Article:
Exercising ISO via non-recourse loan: taxation?

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    gighi
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    Hello,

    I am a startup employee who was granted a sizable amount of stock options during my tenure at the company.

    Over the years, I periodically exercised my vested options and became very familiar with the mechanics of (sadly) writing checks to the company and to the IRS for AMT, hoping to eventually recoup the generated AMT credits. Luckily, I also engaged in some secondary transactions, so I was able to at least recoup my initial expenses, and I’m hoping that in the end I will even see a mild profit.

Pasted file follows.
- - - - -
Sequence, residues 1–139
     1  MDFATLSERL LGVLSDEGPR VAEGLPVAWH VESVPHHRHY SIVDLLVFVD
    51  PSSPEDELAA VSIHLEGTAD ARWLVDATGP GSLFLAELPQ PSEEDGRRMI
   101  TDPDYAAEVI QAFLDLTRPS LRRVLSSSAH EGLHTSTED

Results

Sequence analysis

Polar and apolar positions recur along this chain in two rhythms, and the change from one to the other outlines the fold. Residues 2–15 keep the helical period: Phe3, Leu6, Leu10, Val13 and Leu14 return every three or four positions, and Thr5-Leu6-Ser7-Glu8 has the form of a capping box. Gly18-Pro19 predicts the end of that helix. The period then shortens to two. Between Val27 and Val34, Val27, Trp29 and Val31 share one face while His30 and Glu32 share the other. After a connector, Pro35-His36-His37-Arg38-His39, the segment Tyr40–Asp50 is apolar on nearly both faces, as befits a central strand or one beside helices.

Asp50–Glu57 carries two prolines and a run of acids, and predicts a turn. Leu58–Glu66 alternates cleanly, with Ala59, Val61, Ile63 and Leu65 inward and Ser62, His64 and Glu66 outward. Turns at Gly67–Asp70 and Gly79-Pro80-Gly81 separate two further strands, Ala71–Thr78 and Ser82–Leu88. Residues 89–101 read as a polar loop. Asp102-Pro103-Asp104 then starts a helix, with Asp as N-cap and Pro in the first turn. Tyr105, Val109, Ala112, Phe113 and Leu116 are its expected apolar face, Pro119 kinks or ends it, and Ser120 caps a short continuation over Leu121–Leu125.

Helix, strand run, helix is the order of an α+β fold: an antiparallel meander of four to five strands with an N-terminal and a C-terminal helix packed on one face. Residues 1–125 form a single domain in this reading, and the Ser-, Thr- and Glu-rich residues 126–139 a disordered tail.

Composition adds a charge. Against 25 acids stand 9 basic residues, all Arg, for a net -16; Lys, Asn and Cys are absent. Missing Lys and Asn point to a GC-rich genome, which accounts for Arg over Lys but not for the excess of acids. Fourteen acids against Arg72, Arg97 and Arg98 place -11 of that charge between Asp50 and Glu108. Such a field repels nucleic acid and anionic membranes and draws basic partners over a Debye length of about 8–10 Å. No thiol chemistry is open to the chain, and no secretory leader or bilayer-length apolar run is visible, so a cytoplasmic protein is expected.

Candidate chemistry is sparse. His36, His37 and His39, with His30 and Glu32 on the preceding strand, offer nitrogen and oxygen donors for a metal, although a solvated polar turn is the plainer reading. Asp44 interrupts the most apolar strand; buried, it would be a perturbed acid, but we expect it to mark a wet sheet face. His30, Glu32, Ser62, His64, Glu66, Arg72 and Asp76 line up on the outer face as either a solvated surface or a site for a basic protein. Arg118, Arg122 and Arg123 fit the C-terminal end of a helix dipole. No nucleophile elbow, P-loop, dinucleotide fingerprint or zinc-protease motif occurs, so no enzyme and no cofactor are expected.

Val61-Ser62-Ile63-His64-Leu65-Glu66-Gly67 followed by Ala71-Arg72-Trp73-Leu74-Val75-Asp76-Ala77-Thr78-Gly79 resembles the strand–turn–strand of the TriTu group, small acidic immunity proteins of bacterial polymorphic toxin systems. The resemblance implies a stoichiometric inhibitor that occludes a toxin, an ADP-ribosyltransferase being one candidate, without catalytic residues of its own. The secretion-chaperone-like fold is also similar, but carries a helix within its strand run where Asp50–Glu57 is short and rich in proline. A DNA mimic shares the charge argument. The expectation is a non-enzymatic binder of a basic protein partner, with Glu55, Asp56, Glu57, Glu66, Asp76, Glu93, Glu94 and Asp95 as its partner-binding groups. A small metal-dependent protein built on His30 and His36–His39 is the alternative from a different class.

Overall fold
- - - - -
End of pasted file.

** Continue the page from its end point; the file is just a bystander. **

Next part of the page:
However, my most recent grant has a very high exercise price (due to the company valuation increasing), and I don’t feel comfortable exercising those options at a such large cost per share, it’s not worth the risk at this point.

    For this reason, I am considering engaging with one of the many companies who offer liquidity to cover exercise costs and AMT. This naturally comes at a very steep cost of 50% (or more) the proceeds but, considering I own many more shares “free and clear”, it’s fine with me at this point.

    This company would offer me a non-recourse advance check to cover the exercise expenses, and my questions are:

    – Is receiving the advance a taxable event during the year it is received? Should I report it to the IRS?

    – How will the advance be reported in the year the startup sells? My understanding is that I will send the 50% profit cut to the company and then I’ll increase the cost basis of my shares by that much so I just get to pay taxes on my portion of the proceeds, but what about the loan amount? How and where should one report that?

    Thanks!

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